Family life represents the major institutions in social structure and serves to meet the social, economic and psychological needs of individuals. The family life pattern shows that 51% of respondents have been married for more than 10 years, 29% between 5 to 10 years, 14% between 1 to 5 years and the remainder per year. Based on the marriage duration 13% had more than 5 children, 48% had between 3 and 4 people, 32.5% had between 1-2 while the remainder had no children.

The findings also found that the quality status or well-being of civil servants in Kota Bharu, Kelantan was high. Seven of the 10 items of respondents' perceptions of their quality of life showed a high score while the balance was on a simple score. The question is how much quality of life or well-being can affect fertility among civil servants in Kota Bharu. The study found that the correlation between the two variables was significant (0.003). If more specifically examined, there are 11.6% of the professionals among civil servants in Kota Bharu still have no children and 23.3% are in TFR below the level of replacement. In addition, those with grades 41 and above earn more than RM 3,000 a month to choose not to have more than 2 children, even some who have not been given a child either after marriage or unmarried. For this group, posts and salaries are not issues to determine the number of children. Determining the number of children is likely to be an issue to civil servants from support groups, especially those earning below RM 3,000 per month. Based on the survey statistics, there were 43.3% of them choosing to have less than two children. In view of the wider scope, this figure represents 26.8% of all support staff in Kota Bharu. Once again the majority of these groups did not resign and salary as a determinant to the number of children they must have. What exactly determines their TFR rates? The findings of the study showed that 50% thought the time factor was important in determining the intimate relationship and examining civil servants in Kota Bharu. Some 20% think the working environment is one of the factors while 10% of the other each linked it to the health fund economic factor. Other aspects (2% each) are also called household science, small children, partner romance, technology and age.

Conclusion

The pattern of population fertility can impact the future of social, economic and political planning and development both in Kelantan and in Malaysia. Therefore, a good health intervention plan in the form of psychology as well as fertility treatments is important to increase the level of fertility of the population. The number of live births for the Kota Bharu population is much higher than in other districts in Kelantan, which is 10,477 persons (2008) rising to 12, 147 persons (2016). However, the increase of 16.27% in the eight years was second place compared to the Tanah Merah district of 16.9% for the same period of 2008-2016. Gua Musang and Kuala Krai districts recorded less than two per cent growth while Jeli experienced a deficit of -0.1 per cent. In general, the areas of Tanah Merah, Kota Bharu and Machang have higher fertility rates than in other parts of Kelantan. The total fertility rate (TFR) categorizes the number of children for each family as low for couples who have less than three children, simple for the number of children between 3 and 5 and higher for families of over five children. The number of children is categorized as the level of replacement of the population, meaning the number of children who can only replace the place of the parents. Except for the Jeli area, the average average size of household members for the district in Kelantan is 5.1 people (2015-2017). The Kota Bharu district has an average household size of 5.1 people smaller than Bachok (5.4) and Tumpat (5.2). This shows that areas in Kelantan generally have high fertility rates (FTRs).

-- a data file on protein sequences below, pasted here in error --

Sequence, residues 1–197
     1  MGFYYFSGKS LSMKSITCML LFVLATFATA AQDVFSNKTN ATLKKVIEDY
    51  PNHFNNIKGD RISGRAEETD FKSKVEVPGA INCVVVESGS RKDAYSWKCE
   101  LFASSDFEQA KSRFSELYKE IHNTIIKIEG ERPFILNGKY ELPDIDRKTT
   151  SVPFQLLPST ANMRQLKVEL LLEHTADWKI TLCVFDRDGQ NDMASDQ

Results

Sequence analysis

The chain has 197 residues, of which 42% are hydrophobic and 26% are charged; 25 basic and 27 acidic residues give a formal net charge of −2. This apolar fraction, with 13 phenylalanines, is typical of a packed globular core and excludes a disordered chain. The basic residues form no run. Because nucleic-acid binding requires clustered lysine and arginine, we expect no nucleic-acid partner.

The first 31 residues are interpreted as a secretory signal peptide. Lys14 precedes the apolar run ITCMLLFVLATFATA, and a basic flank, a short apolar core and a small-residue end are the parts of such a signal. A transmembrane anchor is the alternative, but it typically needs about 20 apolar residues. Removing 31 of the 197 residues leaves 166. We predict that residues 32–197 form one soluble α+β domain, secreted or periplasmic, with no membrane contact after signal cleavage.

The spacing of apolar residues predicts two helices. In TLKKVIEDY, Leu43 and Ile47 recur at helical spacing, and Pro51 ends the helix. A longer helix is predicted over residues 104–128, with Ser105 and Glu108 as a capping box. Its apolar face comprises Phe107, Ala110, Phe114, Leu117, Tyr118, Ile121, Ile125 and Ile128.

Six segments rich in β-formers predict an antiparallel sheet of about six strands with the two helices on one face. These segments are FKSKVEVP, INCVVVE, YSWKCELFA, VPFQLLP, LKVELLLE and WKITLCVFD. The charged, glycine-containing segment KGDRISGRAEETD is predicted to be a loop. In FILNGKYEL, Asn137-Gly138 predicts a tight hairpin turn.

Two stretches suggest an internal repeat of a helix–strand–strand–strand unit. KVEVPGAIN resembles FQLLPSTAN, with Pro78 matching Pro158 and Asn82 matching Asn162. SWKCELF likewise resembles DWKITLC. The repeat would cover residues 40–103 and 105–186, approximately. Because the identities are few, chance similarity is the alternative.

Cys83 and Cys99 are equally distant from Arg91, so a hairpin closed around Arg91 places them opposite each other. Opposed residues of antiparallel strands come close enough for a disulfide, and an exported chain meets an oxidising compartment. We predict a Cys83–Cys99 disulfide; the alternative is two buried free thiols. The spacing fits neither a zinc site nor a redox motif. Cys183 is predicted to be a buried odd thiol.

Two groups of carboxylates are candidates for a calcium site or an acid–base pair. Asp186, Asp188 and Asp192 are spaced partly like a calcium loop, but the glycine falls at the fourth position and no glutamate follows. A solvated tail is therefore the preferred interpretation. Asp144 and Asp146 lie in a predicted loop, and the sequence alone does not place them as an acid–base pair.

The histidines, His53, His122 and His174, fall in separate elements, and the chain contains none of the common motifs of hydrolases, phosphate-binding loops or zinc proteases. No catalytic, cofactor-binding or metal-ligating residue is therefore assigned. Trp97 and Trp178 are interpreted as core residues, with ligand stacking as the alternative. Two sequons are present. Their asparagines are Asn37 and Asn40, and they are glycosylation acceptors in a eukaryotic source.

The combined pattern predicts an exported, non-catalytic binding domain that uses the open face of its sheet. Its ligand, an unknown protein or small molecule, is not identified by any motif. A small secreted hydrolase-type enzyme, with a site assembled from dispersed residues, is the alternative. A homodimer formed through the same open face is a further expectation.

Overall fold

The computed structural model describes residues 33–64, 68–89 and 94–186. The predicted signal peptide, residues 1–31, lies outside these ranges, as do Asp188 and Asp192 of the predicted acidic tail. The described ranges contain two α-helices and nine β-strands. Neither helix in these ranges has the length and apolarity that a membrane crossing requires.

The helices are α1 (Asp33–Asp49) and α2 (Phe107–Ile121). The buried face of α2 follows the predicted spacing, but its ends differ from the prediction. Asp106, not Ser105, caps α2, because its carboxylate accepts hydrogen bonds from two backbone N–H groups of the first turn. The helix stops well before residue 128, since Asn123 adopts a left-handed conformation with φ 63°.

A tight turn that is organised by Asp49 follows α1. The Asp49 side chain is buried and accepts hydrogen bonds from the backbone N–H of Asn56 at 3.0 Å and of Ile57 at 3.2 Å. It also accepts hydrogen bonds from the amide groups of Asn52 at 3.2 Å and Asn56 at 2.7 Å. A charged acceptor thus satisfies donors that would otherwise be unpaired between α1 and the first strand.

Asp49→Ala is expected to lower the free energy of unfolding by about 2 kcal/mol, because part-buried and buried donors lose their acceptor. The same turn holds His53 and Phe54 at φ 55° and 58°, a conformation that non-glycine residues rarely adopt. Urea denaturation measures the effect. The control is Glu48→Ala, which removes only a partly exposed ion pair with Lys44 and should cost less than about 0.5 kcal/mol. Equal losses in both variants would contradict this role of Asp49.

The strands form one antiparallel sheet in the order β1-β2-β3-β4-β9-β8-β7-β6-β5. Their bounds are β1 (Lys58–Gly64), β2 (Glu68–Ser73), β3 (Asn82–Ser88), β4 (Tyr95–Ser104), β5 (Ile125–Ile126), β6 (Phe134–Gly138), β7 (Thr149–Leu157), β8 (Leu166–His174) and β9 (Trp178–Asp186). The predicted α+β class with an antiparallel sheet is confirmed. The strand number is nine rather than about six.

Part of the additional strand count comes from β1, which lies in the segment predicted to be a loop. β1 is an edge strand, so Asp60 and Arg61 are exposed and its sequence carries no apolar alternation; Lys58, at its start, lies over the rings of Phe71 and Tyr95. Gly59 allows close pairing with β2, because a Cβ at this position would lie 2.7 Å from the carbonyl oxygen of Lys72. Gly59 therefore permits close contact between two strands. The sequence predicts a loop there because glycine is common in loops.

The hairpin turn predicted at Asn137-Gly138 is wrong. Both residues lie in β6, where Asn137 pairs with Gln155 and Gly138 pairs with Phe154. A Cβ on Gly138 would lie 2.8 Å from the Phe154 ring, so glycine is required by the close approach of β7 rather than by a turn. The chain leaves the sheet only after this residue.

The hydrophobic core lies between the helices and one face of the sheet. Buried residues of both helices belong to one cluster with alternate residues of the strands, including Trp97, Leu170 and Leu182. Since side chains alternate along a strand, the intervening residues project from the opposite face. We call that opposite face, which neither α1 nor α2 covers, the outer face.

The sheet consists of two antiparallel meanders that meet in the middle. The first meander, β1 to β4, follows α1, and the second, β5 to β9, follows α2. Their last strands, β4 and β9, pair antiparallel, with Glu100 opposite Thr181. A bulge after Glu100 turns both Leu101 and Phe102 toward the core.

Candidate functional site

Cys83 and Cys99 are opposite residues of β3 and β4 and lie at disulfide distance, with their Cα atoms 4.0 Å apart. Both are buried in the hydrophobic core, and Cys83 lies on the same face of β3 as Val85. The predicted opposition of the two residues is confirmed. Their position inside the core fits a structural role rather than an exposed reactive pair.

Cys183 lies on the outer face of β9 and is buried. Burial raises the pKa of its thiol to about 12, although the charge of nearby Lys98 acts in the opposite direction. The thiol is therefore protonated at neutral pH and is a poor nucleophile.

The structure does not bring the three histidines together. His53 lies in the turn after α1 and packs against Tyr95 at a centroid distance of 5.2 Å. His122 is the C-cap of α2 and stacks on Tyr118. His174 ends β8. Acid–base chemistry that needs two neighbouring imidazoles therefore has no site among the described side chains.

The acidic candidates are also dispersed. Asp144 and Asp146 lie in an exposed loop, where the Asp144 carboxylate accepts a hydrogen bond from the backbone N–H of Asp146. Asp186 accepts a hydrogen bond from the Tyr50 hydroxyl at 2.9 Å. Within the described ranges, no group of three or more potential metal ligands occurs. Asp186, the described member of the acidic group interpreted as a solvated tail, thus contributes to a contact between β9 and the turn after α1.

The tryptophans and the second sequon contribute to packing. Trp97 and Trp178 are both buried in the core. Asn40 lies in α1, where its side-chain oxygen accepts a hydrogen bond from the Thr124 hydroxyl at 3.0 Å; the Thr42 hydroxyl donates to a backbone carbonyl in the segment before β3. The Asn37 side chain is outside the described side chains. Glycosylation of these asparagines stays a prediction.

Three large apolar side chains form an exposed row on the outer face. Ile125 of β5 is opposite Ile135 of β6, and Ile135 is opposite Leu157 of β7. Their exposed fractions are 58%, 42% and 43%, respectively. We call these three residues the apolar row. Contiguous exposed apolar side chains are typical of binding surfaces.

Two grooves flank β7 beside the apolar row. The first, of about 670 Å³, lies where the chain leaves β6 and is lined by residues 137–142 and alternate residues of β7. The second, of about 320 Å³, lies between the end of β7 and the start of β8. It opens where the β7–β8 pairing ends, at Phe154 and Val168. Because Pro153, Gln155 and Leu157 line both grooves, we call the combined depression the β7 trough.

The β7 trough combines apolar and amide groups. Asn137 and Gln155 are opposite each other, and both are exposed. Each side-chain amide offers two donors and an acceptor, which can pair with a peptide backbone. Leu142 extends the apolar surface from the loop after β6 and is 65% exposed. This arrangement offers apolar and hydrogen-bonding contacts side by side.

References

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Publication Date

30 March 2020

eBook ISBN

978-1-80296-080-8

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European Publisher

Volume

81

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Edition Number

1st Edition

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Business, innovation, sustainability, development studies

Cite this article as:

Mat Ripin, N. H., Md Nor, N. N. F., & Hassan, F. (2020). Quality Of Life And Relationship With Public Employment Fertility Of Kota Bharu. In & N. Baba Rahim (Ed.), Multidisciplinary Research as Agent of Change for Industrial Revolution 4.0, vol 81. (pp. 177-181). European Publisher. https://doi.org/10.15405/epsbs.2020.03.03.22